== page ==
So it’s been a few months since I’ve cleared out my closets. These few months have been filled with new (long lost, at the back of my wardrobe) clothes. But after some time even my long lost friends don’t seem as exciting anymore.
I WANT NEW STUFF!!!
But what's a girl with a shopping ban to do?
… Steal, beg or swap!. And needless to say, I've chosen the latter… (for now… a few more weeks of the shopping ban and I might result to begging or stealing).
And swapping I did! I was invited to check out a swapping party held at “The Novel” in Nieuw-West, Amsterdam. These clothes swapping parties are held every 3 months, but the shop is open for customers 5 days a week for a few hours. The Novel swap shop is part of the Bookstore project. The Bookstore is a project in the Kolenkitbuurt, Amsterdam-West, initiated by The New Collagists and the housing association Stadgenoot. More than a dozen artists from six countries have been given the opportunity of living in the neighborhood for affordable rent. In return for this, they are expected to make a contribution to the development of the area. Some of them volunteer at “the bookstore”.
The rules of the event are simple, all you have to do is bring a minimum of 5 items (clothes, shoes or bags) in good condition. This part is similar to the other swapping parties. What sets the “The Novel” apart is this: you don’t have to choose the exact amount of items to replace yours. You can take as much or as little as you want. The clothes that are left behind after the swapping events will stay at the store. I really love this concept as it also allows people with fewer means to find wonderful clothing. The store is open for a few hours 5 days a week, so it, in essence can be treated as a “clothes library”. Swapping clothes, instead of disposing of them can be more in line with our desire to see items recycled and reused. We are a generation more and more concerned about the world we live in, eager to reduce our carbon footprint where we can. We are more conscious of the effects we have on the environment, but these are often ideals that conflict with today’s disposable and ever-changing fashion trends. Whilst we are used to recycling glass, cans, paper, and plastic, clothes are often thrown out without a second thought about the environmental impact this has, with only a small percentage of used clothes even reaching charities. Ensuring clothes enjoy a longer life is one small way of reducing the environmental impact of the clothing industry.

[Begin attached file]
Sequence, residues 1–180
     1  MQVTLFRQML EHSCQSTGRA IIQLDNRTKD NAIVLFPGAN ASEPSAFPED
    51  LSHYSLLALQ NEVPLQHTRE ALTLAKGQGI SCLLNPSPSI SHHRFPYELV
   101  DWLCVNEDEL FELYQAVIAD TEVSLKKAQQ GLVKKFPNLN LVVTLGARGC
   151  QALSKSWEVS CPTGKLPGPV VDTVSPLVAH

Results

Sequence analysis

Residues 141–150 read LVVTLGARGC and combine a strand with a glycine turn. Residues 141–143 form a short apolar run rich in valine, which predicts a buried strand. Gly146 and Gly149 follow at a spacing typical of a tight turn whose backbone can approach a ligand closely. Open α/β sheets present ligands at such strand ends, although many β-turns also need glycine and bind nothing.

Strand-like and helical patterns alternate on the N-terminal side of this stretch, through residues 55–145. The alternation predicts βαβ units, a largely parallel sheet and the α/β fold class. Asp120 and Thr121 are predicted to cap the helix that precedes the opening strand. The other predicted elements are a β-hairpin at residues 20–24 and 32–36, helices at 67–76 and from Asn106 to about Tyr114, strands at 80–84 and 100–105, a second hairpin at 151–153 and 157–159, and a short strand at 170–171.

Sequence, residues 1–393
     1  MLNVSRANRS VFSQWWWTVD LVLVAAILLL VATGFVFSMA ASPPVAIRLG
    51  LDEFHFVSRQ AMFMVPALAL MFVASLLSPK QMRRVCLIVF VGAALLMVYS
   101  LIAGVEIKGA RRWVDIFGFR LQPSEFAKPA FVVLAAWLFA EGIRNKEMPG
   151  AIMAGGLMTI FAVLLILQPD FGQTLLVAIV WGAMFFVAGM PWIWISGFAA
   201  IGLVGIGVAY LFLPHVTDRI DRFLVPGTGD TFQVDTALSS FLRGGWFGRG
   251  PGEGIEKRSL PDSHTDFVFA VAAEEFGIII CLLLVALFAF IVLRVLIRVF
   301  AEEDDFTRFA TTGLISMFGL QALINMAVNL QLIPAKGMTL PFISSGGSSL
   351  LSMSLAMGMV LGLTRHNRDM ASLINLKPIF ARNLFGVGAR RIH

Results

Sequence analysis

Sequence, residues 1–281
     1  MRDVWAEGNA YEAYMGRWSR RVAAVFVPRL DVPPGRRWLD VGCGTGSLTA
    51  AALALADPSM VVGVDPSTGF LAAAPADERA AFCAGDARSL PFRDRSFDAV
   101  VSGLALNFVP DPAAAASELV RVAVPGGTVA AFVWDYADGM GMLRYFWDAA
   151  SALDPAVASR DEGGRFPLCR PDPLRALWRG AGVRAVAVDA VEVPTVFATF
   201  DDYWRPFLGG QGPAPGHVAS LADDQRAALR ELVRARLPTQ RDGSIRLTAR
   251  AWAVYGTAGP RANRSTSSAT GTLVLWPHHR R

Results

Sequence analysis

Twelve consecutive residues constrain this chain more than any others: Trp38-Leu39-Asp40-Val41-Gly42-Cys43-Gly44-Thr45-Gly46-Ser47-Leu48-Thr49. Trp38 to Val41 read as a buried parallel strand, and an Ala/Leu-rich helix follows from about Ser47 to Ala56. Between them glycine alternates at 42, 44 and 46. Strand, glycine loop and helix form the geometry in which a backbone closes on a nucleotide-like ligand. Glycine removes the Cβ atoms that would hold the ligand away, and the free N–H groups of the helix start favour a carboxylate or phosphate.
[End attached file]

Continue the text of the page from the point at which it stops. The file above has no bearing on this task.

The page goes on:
When I came to the last swapping event, I had quite low hopes for the outcome. I have a very specific taste in clothes and didn’t plan on taking something for the sake of “swapping”. I was fully prepared to leave all the items I brought behind. What I wasn’t prepared for is what happened next.
I was greeted at the door by "The Novel" coordinator, Olga Ganzha. She was so lovely and welcoming that I felt like I’ve known her forever. After a brief chat I’ve handed her the bag of clothes that I’ve brought and went to browse around the store. After my initial round I was a bit disappointed with the findings so I’ve decided to settle for a cup of tea and to soak up the store’s atmosphere. The swapping was in full swing. What really surprised me is that there was no rivalry you often see during sale time in the shops. The comradery was overwhelming, complete strangers where recommending clothes to each other and complementing on good “looks”. More and more girls where arriving for a swap and suddenly I saw more clothes that I liked. After understanding what kind of clothes I was looking for, Olga started to personally recommend me some items she though I might like. She was spot on and I came home with waaaaay more clothes than I thought I would. This is what I got:
The next swapping event is this coming Sunday, November 30th, from 14:00 till 17:00, Ernest Staesstraat 7. All you need to do is to contribute 2 Euros for tea and cookies. I’ll definitely be there!